Cerebral amyloid angiopathy-associated lobar intracerebral hemorrhage

Case contributed by Mark Rodrigues
Diagnosis certain


3 days worsening headache. Sudden onset, associated vomiting and confusion.

Patient Data

Age: 70 years
Gender: Female

Acute right temporal lobe hematoma involving cortex and subcortical white matter. There is extension into the overlying subarachnoid space but no sub/extradural or intraventricular blood. Ovoid in shape with no finger-like projections. Mild localized mass effect.

Severe periventricular and deep white matter low attenuation in keeping with small vessel change.

Signal drop out on blood sensitive sequences at the site of right temporal ICH. Interval right frontal ICH has occurred. There is superficial siderosis over the right parietal and frontal lobes. No microbleeds.

Moderate to severe periventricular and deep white matter hyperintensities. Basal ganglia, midbrain, hippocampal and centrum semiovale enlarged perivascular spaces.

CT 2.5 yr after initial presentation

Large left temporal hematoma with extension into the subarachnoid and subdural spaces. The hematoma is lobulated. There is localized mass effect and some midline shift. No intraventricular blood.

Gliosis in the right frontal and temporal lobes at the sites of previous ICHs. Severe periventricular and deep white matter low attenuation in keeping with small vessel change.

Case Discussion

Left temporal lobar hemorrhage with involvement of the cortex, extension into the subarachnoid space but without finger-like projections on the initial CT. Background changes of cortical superficial siderosis and small vessel disease (enlarged perivascular spaces and white matter hyperintensities). Recurrent right frontal ICH, and left temporal ICH with subarachnoid hemorrhage and finger-like projections.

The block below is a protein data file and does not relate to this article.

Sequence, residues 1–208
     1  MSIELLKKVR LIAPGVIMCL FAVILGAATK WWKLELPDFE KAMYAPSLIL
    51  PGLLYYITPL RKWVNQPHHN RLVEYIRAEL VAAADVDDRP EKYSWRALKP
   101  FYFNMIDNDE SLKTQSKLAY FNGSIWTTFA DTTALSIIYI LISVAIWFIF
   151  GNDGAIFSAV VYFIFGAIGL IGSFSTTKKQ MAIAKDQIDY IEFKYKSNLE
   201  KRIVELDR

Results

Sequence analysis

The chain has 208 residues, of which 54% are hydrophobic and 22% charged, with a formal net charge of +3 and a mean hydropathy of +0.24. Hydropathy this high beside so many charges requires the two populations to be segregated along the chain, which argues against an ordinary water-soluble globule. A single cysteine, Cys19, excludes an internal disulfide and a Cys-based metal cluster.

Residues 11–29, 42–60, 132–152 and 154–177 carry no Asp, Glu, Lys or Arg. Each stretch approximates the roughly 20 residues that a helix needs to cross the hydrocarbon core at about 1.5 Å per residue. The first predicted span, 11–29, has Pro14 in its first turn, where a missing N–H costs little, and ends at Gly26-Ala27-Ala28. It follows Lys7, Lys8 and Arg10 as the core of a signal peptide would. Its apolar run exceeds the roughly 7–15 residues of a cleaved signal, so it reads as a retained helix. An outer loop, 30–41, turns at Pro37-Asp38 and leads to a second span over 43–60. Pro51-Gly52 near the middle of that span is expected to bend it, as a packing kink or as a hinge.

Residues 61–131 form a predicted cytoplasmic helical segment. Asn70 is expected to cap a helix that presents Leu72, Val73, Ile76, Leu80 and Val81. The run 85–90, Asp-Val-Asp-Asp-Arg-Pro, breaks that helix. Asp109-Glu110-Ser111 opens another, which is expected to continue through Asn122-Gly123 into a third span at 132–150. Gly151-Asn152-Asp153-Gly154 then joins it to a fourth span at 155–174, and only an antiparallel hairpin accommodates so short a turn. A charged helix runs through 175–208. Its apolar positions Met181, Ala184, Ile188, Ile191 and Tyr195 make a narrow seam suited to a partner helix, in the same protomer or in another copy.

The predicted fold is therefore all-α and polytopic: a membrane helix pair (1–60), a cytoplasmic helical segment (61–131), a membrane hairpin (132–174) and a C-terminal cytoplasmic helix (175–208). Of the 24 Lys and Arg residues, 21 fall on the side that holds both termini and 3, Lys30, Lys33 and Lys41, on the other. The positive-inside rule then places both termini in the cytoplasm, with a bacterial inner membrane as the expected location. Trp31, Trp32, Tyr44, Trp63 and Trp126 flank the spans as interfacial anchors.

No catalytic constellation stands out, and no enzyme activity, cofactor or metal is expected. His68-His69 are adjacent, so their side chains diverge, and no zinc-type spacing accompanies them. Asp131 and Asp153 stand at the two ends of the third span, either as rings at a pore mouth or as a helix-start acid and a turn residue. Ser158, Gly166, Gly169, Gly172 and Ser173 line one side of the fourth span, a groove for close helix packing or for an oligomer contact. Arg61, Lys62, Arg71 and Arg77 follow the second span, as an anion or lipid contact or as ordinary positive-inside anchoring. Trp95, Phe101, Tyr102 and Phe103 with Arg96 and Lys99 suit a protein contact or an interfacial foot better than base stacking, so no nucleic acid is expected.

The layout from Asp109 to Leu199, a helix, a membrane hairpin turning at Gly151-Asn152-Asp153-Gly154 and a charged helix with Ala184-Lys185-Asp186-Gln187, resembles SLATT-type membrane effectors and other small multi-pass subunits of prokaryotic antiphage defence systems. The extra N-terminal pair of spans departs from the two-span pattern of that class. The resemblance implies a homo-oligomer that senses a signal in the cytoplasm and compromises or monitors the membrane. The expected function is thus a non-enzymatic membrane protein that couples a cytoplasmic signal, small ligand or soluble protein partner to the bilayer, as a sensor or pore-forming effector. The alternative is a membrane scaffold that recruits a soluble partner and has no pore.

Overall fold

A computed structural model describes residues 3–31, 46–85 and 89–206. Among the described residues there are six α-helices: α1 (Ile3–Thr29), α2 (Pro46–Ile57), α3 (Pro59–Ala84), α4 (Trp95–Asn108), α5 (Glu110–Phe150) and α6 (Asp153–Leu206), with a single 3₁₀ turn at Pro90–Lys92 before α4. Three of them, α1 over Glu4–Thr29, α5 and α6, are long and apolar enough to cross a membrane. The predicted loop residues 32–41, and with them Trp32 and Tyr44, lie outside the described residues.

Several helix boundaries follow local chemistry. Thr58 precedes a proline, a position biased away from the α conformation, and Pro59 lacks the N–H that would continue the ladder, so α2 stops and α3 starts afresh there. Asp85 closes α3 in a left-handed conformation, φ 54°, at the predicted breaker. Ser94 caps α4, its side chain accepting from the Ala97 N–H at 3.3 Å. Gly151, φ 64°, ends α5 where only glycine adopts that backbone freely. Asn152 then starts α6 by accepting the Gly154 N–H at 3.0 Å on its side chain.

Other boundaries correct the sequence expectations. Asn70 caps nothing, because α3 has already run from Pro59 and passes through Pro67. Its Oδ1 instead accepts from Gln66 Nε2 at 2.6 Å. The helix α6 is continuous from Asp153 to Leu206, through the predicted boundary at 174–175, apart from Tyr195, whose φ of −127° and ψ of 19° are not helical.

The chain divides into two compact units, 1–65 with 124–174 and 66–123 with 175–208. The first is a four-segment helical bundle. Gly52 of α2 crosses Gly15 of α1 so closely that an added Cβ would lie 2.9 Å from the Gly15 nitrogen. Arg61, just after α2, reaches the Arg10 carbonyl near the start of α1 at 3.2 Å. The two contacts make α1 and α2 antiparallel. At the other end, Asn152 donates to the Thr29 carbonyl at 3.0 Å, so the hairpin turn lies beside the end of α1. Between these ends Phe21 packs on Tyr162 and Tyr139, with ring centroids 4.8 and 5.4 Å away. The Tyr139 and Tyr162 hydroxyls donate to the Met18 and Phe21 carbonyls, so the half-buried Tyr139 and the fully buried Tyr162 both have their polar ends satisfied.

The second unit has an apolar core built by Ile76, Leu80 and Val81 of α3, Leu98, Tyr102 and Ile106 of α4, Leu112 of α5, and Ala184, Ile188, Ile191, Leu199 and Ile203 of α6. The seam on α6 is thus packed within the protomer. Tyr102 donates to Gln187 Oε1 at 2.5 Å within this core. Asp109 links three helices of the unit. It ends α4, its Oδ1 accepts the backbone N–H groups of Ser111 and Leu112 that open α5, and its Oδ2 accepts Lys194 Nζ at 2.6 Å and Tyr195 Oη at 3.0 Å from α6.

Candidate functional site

Lobar intracerebral hemorrhage is frequently attributed to small vessel diseases (cerebral amyloid angiopathy or arteriolosclerosis).  Differentiating lobar hemorrhage due to cerebral amyloid angiopathy and arteriolosclerosis is important due to differences in recurrent ICH and post-stroke dementia risk (higher with CAA-associated ICH).

The initial CT shows subarachnoid hemorrhage but no finger-like projections from the hematoma.  The patient possessed at least one APOE e4 allele. Therefore they are high risk for CAA-associated ICH on the Edinburgh CT and genetic diagnostic criteria for lobar intracerebral hemorrhage associated with cerebral amyloid angiopathy.

This patient has multiple lobar macrohaemorrhages and cortical superficial siderosis and so is probable CAA on the modified Boston criteria.


PATHOLOGY: Post mortem showed left temporal hematoma, old right frontal and temporal hematomas. Extensive cerebral amyloid angiopathy throughout the cerebrum and cerebellum, severe small vessel disease and Alzheimer-type pathology.

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